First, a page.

Christ was a radical preacher who demanded change and commitment from those who heard him. The scholars and leaders of his day were outraged by his rejection of centuries of preconceptions and his approach to their own social mores. When we come to the word we should feel challenged, not comfortable. If it doesn’t hurt a little sometimes then we probably just aren’t doing it right…we are just resting on stone like preconceptions.
Translation is not an easy task. Take a moment to consider the difficulty of translating a text which is central to the faith of millions. Striking a balance between literalness (however you define this) and readability must be hard. Further, every reader familiar with prior works is critical because their favourite rendering has been ruined.
Jerome produced the basis of the Latin Vulgate, an immense work given the proliferation of versions and Latin copies which existed when he commenced. When urged by the then current Pope to do the task he responded:
“You urge me to revise the Old Latin version, and, as it were, to sit in judgment on the copies of the Scriptures that are now scattered throughout the world; and, inasmuch as they differ from one another, you would have me decide which of them agree with the original. The labor is one of love, but at the same time it is both perilous and presumptuous—for in judging others I must be content to be judged by all …. Is there anyone learned or unlearned, who, when he takes the volume in his hands and perceives that what he reads does not suit his settled tastes, will not break out immediately into violent language and call me a forger and profane person for having the audacity to add anything to the ancient books, or to make any changes or corrections in them?”
Apparently his concerns were well founded. After his work began to be published he met serious opposition but apparently he referred “to his detractors as “two-legged asses” or “yelping dogs”—persons who “think that ignorance is identical with holiness.”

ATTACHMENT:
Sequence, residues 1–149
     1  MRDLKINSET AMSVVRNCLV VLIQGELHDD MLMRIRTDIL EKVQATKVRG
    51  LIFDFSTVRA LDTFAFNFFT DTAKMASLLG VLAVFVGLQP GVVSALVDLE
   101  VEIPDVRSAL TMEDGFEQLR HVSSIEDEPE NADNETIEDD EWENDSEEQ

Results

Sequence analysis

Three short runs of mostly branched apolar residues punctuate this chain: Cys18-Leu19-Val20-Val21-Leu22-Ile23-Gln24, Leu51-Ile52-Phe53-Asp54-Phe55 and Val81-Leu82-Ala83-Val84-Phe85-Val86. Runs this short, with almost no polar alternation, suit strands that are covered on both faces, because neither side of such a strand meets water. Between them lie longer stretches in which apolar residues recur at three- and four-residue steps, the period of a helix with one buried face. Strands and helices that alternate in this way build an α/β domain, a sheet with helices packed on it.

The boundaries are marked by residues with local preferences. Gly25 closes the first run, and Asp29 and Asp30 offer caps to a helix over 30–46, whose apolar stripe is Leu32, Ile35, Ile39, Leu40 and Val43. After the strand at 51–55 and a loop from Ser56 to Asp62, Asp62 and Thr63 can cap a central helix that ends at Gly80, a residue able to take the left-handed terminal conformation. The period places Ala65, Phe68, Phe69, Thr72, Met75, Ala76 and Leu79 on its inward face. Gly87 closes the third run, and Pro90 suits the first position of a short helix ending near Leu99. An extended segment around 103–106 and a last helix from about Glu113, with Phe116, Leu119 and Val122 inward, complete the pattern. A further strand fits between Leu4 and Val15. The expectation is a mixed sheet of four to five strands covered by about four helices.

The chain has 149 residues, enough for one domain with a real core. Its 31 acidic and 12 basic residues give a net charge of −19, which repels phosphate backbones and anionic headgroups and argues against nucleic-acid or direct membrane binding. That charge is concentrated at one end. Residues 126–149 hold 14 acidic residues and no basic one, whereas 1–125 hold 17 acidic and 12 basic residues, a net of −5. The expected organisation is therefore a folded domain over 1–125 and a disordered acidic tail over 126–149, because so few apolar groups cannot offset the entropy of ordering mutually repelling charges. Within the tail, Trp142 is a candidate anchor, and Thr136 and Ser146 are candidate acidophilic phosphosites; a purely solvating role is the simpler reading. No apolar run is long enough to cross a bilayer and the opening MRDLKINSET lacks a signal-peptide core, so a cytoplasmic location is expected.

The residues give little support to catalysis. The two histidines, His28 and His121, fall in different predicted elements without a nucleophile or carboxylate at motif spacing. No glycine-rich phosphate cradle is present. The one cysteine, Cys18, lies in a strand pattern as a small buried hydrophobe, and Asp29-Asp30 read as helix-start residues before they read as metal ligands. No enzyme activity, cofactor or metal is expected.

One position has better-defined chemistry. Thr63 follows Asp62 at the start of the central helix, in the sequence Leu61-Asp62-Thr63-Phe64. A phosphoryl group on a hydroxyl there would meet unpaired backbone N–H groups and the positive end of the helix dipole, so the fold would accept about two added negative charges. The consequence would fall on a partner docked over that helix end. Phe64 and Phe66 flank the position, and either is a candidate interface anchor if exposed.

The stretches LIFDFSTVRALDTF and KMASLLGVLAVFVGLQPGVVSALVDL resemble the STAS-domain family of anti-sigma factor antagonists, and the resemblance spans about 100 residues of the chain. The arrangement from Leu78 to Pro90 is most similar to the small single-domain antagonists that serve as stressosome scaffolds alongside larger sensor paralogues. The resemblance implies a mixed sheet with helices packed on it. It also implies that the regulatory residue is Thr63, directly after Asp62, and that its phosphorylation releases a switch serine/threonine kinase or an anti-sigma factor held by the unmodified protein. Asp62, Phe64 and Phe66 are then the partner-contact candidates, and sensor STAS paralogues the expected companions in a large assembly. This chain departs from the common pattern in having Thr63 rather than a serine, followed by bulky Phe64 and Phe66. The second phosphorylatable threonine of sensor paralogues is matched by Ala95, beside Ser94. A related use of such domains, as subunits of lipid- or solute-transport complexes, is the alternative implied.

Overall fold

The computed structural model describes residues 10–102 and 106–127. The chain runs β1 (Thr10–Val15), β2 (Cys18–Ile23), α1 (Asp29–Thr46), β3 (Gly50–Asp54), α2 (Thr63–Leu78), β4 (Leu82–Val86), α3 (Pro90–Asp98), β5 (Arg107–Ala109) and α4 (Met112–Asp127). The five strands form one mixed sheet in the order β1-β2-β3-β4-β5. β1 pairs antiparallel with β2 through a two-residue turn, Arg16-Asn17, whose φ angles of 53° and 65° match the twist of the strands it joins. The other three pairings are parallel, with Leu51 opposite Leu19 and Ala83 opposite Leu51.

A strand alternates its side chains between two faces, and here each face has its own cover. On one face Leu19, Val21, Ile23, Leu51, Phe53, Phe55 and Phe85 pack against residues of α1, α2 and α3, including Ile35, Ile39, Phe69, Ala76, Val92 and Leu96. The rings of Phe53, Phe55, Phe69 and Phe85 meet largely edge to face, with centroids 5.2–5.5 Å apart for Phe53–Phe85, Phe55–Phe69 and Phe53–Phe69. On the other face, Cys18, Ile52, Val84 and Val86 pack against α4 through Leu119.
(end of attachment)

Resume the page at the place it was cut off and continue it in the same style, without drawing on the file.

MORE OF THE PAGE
The KJV translators noted they expected to be helped by King James against “calumniations and hard interpretations of other men” and furthermore remarked that “if, on the one side, we shall be traduced by Popish persons at home or abroad, who therefore will malign us…or if, on the other side, we shall be maligned by self-conceited Brethren, who run their own ways, and give liking unto nothing, but what is framed by themselves, and hammered on their anvil…”
The reality is that few of us have the knowledge and skills to assess textual variations and translate from the original languages. Pause a second to contemplate the relatively thankless task performed by others.
“Once upon a time…” these cliche words start many of our classic Western stories. There are lots of similarities between the kinds of stories we are familiar with and the Biblical narratives, but there are also some key differences.
In reality, the Biblical narratives are just stories. Yes they’re true stories, but at a basic level we can read them just the same way that we might read a modern story. They share the same basic features of any story: characters, plot, and plot resolution.
Biblical narratives are a bit different to modern stories in several respects though. In some ways they are more like a play or movie in their construction, as they tend to develop in short scenes that only have a few characters in view at any one time. These short scenes combine to tell the larger story, like acts in a play or scenes in a movie. Also, unlike modern stories, they don’t spend much time in visual descriptions of characters or their surroundings. Any visual details that are included in a Biblical narrative are therefore more important than they would be in a typical modern story.